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Does Your Child Have the 'Self-Detoxifying Gene'?

Over at her blog The Stuff of Life, Elaine Westwick delves into "Children and genomics: the underworld of DNA talent testing," and says that genetic testing companies' marketing tactics "are getting slicker." For example, she points to a firm that offers and "Inborn Talent Genetic Test," which scans for 40 genes including the "propensity for teenage romance gene," the "explosive power gene," the "general wellness gene," and the "self-detoxifying gene." "Dr. James Thorson" is especially adamant that parents consider purchasing the test for their child, saying, emphasis his own:

P.P.S. You are shortcutting your child's success by leveraging on what his/her talents are. You saved hundred and thousands of education fees by stop wild guessing what is the most suitable future for your child," and "P.P.P.S Imagine now you are holding this result report of your child, you can UNLEASH your child['s] full potential gifted by God. You are the one who enable your child do what he or she likes. Will this report worth more than $1,397 for the childhood & future of your child?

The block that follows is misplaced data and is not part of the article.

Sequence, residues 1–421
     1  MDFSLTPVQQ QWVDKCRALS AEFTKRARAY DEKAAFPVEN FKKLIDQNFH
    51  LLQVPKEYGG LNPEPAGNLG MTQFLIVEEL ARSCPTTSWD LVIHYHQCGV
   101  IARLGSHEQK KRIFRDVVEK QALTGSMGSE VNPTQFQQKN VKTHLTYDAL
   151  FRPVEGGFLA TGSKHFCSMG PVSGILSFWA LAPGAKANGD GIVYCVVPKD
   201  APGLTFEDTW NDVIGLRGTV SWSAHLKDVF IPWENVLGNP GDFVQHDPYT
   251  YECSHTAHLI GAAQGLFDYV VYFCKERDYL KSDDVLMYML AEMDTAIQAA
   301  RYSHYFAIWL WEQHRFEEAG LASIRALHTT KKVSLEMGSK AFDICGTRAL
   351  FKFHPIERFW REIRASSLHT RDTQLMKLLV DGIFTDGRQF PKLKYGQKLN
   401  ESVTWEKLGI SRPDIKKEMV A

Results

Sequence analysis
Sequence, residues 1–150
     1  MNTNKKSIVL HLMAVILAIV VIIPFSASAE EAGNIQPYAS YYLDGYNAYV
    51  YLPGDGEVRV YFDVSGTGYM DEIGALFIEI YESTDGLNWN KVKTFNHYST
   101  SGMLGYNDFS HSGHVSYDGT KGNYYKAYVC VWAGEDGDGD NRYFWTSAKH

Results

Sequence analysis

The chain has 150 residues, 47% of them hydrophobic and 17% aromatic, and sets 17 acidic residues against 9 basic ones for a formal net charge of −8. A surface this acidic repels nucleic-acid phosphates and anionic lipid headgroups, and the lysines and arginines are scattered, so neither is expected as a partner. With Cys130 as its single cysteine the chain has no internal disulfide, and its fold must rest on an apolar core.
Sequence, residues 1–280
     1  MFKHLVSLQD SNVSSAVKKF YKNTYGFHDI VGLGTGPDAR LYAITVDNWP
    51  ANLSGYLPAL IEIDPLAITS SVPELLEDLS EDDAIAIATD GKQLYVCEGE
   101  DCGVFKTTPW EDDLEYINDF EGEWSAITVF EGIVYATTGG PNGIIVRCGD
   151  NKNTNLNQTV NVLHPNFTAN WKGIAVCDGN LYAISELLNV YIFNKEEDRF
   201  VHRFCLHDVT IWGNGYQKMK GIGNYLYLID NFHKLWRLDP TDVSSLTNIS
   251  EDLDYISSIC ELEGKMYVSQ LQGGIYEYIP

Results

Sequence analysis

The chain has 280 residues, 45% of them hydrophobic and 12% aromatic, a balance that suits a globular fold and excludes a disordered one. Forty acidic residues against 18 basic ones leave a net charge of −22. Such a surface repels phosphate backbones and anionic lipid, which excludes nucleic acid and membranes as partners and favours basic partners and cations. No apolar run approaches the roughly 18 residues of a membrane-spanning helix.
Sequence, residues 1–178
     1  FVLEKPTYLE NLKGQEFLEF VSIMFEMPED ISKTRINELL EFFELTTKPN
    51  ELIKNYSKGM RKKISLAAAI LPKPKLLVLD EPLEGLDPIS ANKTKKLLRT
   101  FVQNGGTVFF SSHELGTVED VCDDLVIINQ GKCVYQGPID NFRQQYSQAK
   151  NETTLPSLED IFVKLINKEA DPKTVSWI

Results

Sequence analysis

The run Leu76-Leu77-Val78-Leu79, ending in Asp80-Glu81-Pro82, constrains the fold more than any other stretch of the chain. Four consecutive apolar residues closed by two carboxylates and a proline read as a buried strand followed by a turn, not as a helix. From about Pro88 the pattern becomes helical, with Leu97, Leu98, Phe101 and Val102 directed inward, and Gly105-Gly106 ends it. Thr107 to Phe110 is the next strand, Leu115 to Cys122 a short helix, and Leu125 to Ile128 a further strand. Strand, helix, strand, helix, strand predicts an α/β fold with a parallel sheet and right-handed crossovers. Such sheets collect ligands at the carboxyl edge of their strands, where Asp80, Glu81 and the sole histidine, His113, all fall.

Westwick says that Magic Filder, located in Delfi Orchard, Singapore, offers children's music lessons "with a sideline in DNA testing to determine musical ability. … For $2,800, you can get the DNA Test plus 12 weekly music classes." Westwick says that while the music lessons are probably "wonderful," the science behind the tests isn't.

The blogger says that, for the time being, marketing gimmicks such as these "will only affect those credulous enough to believe the manufactured science." But as "the genomics juggernaut is on a roll, bringing with it more robust links between personality traits and DNA sequence," Westwick asks whether predictive testing will be appropriate for tots.

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